Building a Comprehensive Post-Market Surveillance System Canadian Medical Association Response to Health Canada’s Discussion Paper “Designing a Mandatory System for Reporting Serious Adverse Reactions” Submitted to Health Canada July 28, 2005 Overview The CMA believes that all stakeholders should work together to improve adverse drug reaction (ADR) reporting, in the interests of improving patients’ safety and health. However, we believe that activity in pursuit of this end must be based on two fundamental premises: a) Reporting is only one part of a comprehensive post-market surveillance system. In order to effectively monitor the safety of Canada’s drug supply, this system should include: * a simple, comprehensive and user-friendly reporting process; * rigorous analysis of reports to identify significant threats to drug safety; * a communications system that produces useful information, distributed to health care providers and the public in a timely, easily understood manner. There is no point in enacting a mandatory reporting requirement until all of these elements are in place. We wonder why mandatory reporting has been singled out for discussion when a holistic approach to reforming Canada’s drug safety system is called for. b) Health care providers should be encouraged to participate willingly and voluntarily in the reporting process. To be successful, Canada’s post-market surveillance system will depend on the active participation of physicians and other health professionals. Experience with health system quality and safety improvement efforts over the past several years has demonstrated that meaningful acceptance is most effectively obtained when those involved are willing participants. If you build a comprehensive, efficient and effective post-market surveillance system, physicians will participate actively in it. Forcing them to participate before the system has been built will result in alienation, frustration and failure. Comments on Discussion Paper a) Is Mandatory Reporting Necessary? This is a fundamental question and the discussion paper does not satisfactorily address it. There are two reasons why we question the necessity for imposing an ADR reporting requirement on health professionals. First, as awareness of the drug-safety system’s importance has increased, the number of ADR reports has increased along with it - more than 10% in 2004, as the discussion paper notes - without a mandatory reporting requirement. Given this trend, it is highly probable that time, education, adequate resources and increasing familiarity with the surveillance system will raise reporting rates to the desired level (however defined) without mandatory reporting. Second, as the discussion paper points out, there is no evidence that mandatory reporting has been effective in other jurisdictions where it has been implemented. The paper offers no clear explanation for this lack of success. More importantly, it does not indicate how Health Canada plans to ensure that mandatory reporting will succeed in this country when it has proven ineffective elsewhere. A primary principle of any system change is that we should not repeat the mistakes of others. Before launching a program whose success has not been proven, other viable, and possibly more effective, alternatives should be examined. b) Addressing known barriers to reporting The CMA acknowledges that ADRs are under-reported, in Canada and worldwide. The discussion paper identifies a number of barriers to reporting, and its list mirrors the observations and experiences of our own members. We believe most of these barriers can, and should, be overcome. We also agree that it is necessary to raise health professionals’ awareness of the importance of, and process for, ADR reporting. But we question the curious assertion that “Mandatory reporting could raise awareness of the value of reporting simply by virtue of the public debate.” Surely there are more positive ways to raise awareness than publicly speculating about the punitive consequences of non-compliance. We suggest that instead, Health Canada work with physicians and other health professionals to address the existing barriers to reporting. Specifically, we recommend that Health Canada implement: * a well-funded and targeted awareness-raising campaign focused on provider education and positive messaging, * a user-friendly reporting system, including appropriate forms, efficient processes and adequate fees. These measures are within Health Canada’s purview in the existing policy and legislative environment. We believe they would increase reporting without the need for coercive measures. At a minimum, positive system improvements should be tried first before considering a mandatory-reporting requirement. With regard to specific questions posed in the discussion paper: Question 1: Health professionals should be explicitly protected from any liability as a result of reporting an adverse drug reaction. This should be the case regardless of whether reporting is voluntary or mandatory. Question 2: Professionals should be compensated for all meaningful work including the completion of forms and any follow-up required as a result of the information they have provided. We would be happy to expand further on this issue on request. Question 3: Issues of confidentiality should be covered in legislation. The CMA has developed an extensive and authoritative body of knowledge on privacy issues in health care, which we would be pleased to share with Health Canada. c) Improved report quality We agree that increasing the quality and richness of ADR reports is as important as increasing their number. Perhaps it is even more important, since high-quality reports allow for high-quality analysis. Mandatory reporting will not improve the quality of ADR reports; it will simply increase their quantity. It may even compromise the system’s efficiency and effectiveness by increasing the volume of clinically insignificant reports. Experience elsewhere has taught us that true quality cannot be legislated or imposed; any attempt to do so would be pointless. If ADR reports included the information listed in Table 4, this would improve their usefulness and the effectiveness of the overall surveillance process. However, it is unrealistic to expect all reports to contain this level of information. The treating physician may not be able to provide all of it, especially if he or she is not the patient’s regular primary care provider. Some of this information, particularly about outcomes, may not be available at the time of the reporting, and gathering it would require follow-up by Health Canada. Health Canada should consider measures other than mandatory reporting to improve the quality of ADR reports. The CMA suggests that consideration be given to: * Improving follow-up capacity. We agree that it should be made easier for Health Canada officials to contact reporters and request details on follow-up or outcomes. This should be considered as part of a comprehensive initiative to improve Health Canada’s capacity to analyze ADR reports. * Establishing a sentinel system. Another option for increasing high-quality reports would be to establish a “sentinel” group of practicing physicians who would contract to report all ADRs in detail. These physicians, because of their contractual obligation, would be committed to assiduous reporting. Sentinel systems could be established concurrently with efforts to increase voluntary ADR reporting by the broader health professional community. In addition to the current information provided, consideration should be given to including on reporting forms the option to allow Health Canada officials to act on information the physician provides; for example, in the reporting of sexually transmitted diseases physicians provide certain information and have the option to request that public health officials undertake follow-up and contact tracing. d) Minimize administrative burden We agree that Health Canada should give consideration to making the ADR reporting system user-friendly, non-complex and easy to integrate into the patient-care work stream. These reforms can and should be implemented regardless of whether a mandatory requirement is in place. They do not need mandatory reporting to make them work; in fact, they are more likely to encourage ADR reporting than any form of coercive legislation. Rather than making a mandatory reporting requirement “fit” with the traditional patient-care framework, we invite Health Canada to work with us to increase health professionals’ capacity to report ADRs voluntarily. We are already working with Health Canada to improve physicians’ access to drug safety material. Health Canada’s ADR reporting form can now be downloaded from the cma.ca web site, which also posts the latest drug alerts from Health Canada and from the Food and Drug Administration in the U.S. We have developed an on-line course in partnership with Health Canada, to teach physicians when and how to make ADR reports. We hope to build on this collaboration, with the goal of making it possible for physicians to report ADRs online via cma.ca. This will permit them to fit reporting more conveniently into their daily workflow. (Note: the “MedEffects” Web portal now being developed at Health Canada does not fit well into the workflow and therefore will not make reporting easier for health professionals.) In the future, we hope that ADR reporting can be built directly into the Electronic Medical Record (EMR). We think this will be a critical element in the bi-directional communicating that ADR reporting requires. It will also enable rapid integration of advisories into the EMR so that they can be available to physicians at the time they are writing a prescription. Before electronic ADR reporting can work, a standard for electronic data should be in place (at present it is not) and Health Canada should develop the capacity to accept data electronically. Health Canada’s discussion paper makes reference to cost-benefit analysis. We recommend that you take great care not to over-emphasize cost-benefit when it comes to enhancing patient safety. Meaningful improvements in the post-market surveillance system will be costly whatever solution Health Canada eventually embraces, and it is impossible to measure financially the value of safety. What is an acceptable cost for one life saved? e) Minimize Over-Reporting The discussion paper acknowledges that not all adverse reactions need be reported. We strongly agree that one of the dangers of mandatory reporting is its potential to overwhelm the system with an unmanageable flood of reports. There is no reason to require reports of minor side effects that are already known to be associated with given drugs. We agree that the reactions Health Canada most needs to know about are those which are severe and/or unexpected. If Health Canada insists on implementing a mandatory reporting system, it should be limited to these reactions (possibly with the corollary that well known serious ADRs would not need to be reported). However, the operating definitions may need clarification, and we recommend that Health Canada consult with health professionals and others on operational guidelines for defining “serious adverse reaction.” Health Canada’s desire to encourage reports on drugs approved within the last 5 years is understandable (though some drugs may be on the market for longer than this before their true risks are known). In practice, however, many physicians do not know which drugs these are, and seeking out this information may impose a heavy administrative burden. As we move toward an EMR-based reporting system, a tag on the Drug Identification Number to tell when the drug was approved will allow physicians to identify which medications require special vigilance. Appropriate reporting could be encouraged, and over-reporting discouraged, by clear guidelines as to what should be reported as well as appropriate compensation for reporting. f) Match Assessment Capacities In our opinion, this is one of the most important sections in the document. What happens once the reports have been received is crucial if we want to identify a serious drug risk as quickly as possible. Under the current system, one of the most significant barriers to physicians’ reporting is lack of confidence that anything meaningful will be done with their reports. Enhancements to the analysis function must be made concurrently with efforts to increase ADR reporting. ADR reports are only cyber-bytes or stacks of paper unless we can learn from them. This requires rigorous data analysis that can sort “signal from noise” – in other words, sift through thousands of reports, find the ones that indicate unusual events, investigate their cause, and isolate those that indicate a serious public health risk. This requires substantial resources, including an adequate number of staff with the expertise and sensitivity required for this demanding task. Unless Health Canada has this capacity, increasing the number of reports will only add to the backlog in analysts’ in-boxes. The CMA recommends that Health Canada allocate sufficient resources to enable it to effectively analyze and respond to ADR reports and other post-market surveillance information. g) Respect privacy Privacy of both patient and physician information is a significant concern. Physicians’ ethical obligation to maintain patient confidentially is central to the patient-physician relationship and must be protected. We acknowledge that issues of privacy and confidentiality must be resolved when designing an ADR reporting system, particularly as we work toward electronic communication of drug surveillance data and its incorporation into an EMR. For example, regulations should explicitly state that ADR reports are to be used only for the purpose for which they were submitted, i.e. for post-market drug surveillance. In addition, Health Canada should ensure that any privacy provisions it develops meet the legislative test outlined in Section 3.6 of CMA’s Health Information Privacy Code (Attachment I). Health Canada can be assured that physicians take their privacy obligations seriously. The CMA has been a strong and pro-active player in debate on this issue, and our Privacy Code lays the groundwork on which we believe any privacy policies involving ADR reporting should be based. h) Compliance through sanctions Physicians are motivated to report ADRs by their concern for public health and their patients’ well-being. In addition, they are guided by the CMA Code of Ethics and governed by regulatory authorities in every province. A clear ethical and professional obligation already exists to report anything that poses a serious threat to patient safety. If physicians do not comply with this obligation, sanctions are available to the provincial regulatory authorities. In fact, the most serious threat for physicians is loss of standing with the professional regulatory authority, not the courts or any external judicial system. It would be superfluous to add a second level of regulation or scrutiny when remedies already exist. The discussion paper presents few alternatives to the existing self-regulatory system. As the paper itself acknowledges, it is unrealistic to impose sanctions based on failure to report an ADR, since it is not always easy to determine whether an adverse effect is attributable to a health product. But the only suggested alternatives - requiring physicians to demonstrate knowledge, or to have the required reporting forms in their office - seem intrusive, crude and unreasonable; they are also meaningless since they have no direct relation to a physician’s failure to report. If Health Canada is considering a large outlay of taxpayers’ dollars for post-market surveillance, we suggest they target those funds to education and awareness raising, and to enhancing the system’s ability to generate and communicate meaningful signal data, rather than to enforcing a mandatory reporting system based on weak compliance measures, with no evidence of its effectiveness in other jurisdictions. Physicians who are in serious breach of their ethical and legal responsibility to report are subject to sanctions by provincial regulatory authorities. Most provincial colleges have policies or guidelines regarding timely reporting and appropriate enforcement mechanisms. Medicine’s tradition of self-regulation has served it well, and we recommend that Health Canada respect and support existing regulatory authorities as they maintain the standards for appropriate professional behaviour. As we have said before - the preferred quality improvement tools to enhance performance and encourage compliance are education and positive reinforcement, not legislation and the threat of sanctions. Conclusion In its discussion paper Health Canada has invited stakeholders to provide their input on how best to develop a mandatory system for reporting ADRs. The Canadian Medical Association believes that the best way to do this is not to develop one at all. Instead, we believe stakeholders should concentrate on building a sustainable, robust and effective post-market surveillance system which: * encourages and facilitates voluntary reporting, by designing a simple and efficient process that can be incorporated into a physician’s daily workflow; * effectively uses reporting data to identify major public health risks; * communicates drug safety information to providers and the public in a timely, meaningful and practical way. The CMA is committed to working, in partnership with Health Canada and other stakeholders, toward the ultimate goal of a responsive, efficient and effective post-market drug surveillance system. This is part of our long-standing commitment to optimizing Canadians’ safety and health, and achieving our vision of a healthy population and a vibrant medical profession.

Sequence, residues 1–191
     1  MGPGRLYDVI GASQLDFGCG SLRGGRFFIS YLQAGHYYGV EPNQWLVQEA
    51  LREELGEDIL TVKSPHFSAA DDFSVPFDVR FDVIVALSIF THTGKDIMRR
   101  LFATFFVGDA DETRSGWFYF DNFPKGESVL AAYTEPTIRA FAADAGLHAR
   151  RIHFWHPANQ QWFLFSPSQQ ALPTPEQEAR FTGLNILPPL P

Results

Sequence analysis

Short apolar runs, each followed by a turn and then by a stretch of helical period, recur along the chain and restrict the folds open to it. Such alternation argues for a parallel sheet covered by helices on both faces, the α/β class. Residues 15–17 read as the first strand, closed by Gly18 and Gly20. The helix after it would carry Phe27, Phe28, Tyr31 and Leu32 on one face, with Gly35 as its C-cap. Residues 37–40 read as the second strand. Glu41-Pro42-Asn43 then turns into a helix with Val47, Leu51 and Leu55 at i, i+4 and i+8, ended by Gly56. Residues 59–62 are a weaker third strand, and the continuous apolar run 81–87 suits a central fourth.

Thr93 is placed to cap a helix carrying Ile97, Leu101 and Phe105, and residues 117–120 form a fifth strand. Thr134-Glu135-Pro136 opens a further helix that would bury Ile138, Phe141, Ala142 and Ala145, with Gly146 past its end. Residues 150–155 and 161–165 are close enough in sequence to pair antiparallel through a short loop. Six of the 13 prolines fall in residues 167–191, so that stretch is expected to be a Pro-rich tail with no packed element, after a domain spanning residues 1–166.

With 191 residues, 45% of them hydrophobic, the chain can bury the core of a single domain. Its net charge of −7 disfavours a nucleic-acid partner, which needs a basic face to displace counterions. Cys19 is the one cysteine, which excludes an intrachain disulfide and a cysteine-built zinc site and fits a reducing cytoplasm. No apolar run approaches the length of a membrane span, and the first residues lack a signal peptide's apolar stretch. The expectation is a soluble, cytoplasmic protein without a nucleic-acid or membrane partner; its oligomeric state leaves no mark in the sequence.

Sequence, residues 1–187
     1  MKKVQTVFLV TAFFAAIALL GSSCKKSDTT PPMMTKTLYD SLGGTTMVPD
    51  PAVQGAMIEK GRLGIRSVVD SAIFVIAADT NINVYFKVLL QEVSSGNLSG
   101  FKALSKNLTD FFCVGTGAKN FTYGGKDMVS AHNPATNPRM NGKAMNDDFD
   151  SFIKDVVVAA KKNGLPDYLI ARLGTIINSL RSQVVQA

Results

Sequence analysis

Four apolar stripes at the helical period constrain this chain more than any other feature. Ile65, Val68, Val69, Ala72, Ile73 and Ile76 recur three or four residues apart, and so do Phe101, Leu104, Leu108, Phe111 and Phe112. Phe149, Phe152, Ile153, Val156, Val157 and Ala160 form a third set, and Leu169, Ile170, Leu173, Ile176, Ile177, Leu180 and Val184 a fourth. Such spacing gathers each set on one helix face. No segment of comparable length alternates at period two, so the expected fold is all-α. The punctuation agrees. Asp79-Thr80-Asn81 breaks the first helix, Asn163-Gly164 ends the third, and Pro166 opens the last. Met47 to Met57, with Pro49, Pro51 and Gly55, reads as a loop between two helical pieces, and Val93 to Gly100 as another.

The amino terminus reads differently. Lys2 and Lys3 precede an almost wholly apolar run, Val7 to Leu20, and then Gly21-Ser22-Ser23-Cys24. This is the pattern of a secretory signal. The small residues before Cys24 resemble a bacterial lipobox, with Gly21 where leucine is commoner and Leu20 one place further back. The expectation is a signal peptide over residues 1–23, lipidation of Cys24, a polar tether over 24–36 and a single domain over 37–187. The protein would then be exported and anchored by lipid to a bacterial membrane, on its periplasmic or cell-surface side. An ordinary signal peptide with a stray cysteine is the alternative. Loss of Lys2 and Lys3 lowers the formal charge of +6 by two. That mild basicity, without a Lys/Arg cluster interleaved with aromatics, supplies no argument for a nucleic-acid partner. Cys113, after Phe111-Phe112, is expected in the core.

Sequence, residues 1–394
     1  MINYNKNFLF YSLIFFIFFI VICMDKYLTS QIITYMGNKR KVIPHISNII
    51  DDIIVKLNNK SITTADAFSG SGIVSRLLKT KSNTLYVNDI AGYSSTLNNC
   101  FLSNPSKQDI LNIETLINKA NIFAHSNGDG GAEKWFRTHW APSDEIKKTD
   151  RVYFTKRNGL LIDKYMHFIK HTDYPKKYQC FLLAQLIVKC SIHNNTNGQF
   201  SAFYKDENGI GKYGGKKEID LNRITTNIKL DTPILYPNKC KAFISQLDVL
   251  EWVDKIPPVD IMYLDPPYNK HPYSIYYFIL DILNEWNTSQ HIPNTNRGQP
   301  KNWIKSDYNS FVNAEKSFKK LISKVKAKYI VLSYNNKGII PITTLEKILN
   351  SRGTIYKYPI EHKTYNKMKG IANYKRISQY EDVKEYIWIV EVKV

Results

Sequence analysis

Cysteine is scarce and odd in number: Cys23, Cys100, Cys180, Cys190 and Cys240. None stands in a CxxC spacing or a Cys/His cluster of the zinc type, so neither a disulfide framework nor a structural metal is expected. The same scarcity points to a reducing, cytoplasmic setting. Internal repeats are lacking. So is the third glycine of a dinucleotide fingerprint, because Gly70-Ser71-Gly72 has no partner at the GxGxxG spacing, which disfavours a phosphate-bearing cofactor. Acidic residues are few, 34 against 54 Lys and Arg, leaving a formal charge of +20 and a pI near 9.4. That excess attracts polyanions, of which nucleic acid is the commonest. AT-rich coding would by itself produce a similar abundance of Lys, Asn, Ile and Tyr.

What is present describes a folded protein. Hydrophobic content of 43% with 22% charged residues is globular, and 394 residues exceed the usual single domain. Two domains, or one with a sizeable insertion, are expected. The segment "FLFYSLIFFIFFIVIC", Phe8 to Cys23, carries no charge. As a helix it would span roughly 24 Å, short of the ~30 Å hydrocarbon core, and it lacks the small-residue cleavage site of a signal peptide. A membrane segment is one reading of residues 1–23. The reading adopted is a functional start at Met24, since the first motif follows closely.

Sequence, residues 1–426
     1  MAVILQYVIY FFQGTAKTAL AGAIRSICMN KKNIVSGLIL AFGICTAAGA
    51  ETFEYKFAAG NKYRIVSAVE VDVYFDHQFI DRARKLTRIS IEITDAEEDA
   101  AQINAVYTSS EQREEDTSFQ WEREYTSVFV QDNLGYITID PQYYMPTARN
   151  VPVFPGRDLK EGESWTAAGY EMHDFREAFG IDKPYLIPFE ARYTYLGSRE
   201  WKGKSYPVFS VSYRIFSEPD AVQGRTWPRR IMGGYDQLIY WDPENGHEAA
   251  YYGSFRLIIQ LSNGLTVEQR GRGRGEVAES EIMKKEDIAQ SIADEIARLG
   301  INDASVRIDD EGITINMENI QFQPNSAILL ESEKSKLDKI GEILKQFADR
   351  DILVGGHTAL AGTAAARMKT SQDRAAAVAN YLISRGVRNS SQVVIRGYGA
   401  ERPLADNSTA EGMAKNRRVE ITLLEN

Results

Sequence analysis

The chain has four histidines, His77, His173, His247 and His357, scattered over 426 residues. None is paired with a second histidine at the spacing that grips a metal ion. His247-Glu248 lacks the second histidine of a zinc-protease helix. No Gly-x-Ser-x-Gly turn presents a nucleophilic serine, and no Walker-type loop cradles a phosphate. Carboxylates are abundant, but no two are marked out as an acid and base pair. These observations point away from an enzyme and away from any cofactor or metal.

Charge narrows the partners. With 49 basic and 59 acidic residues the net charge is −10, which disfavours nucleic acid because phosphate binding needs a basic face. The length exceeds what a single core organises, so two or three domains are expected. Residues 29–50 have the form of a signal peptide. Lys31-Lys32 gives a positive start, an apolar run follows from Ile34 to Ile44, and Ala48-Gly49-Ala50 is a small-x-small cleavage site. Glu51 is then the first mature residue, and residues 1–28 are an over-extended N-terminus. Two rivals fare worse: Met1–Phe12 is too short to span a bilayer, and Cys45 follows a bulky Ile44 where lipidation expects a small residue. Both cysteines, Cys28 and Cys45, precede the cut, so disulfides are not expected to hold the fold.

Documents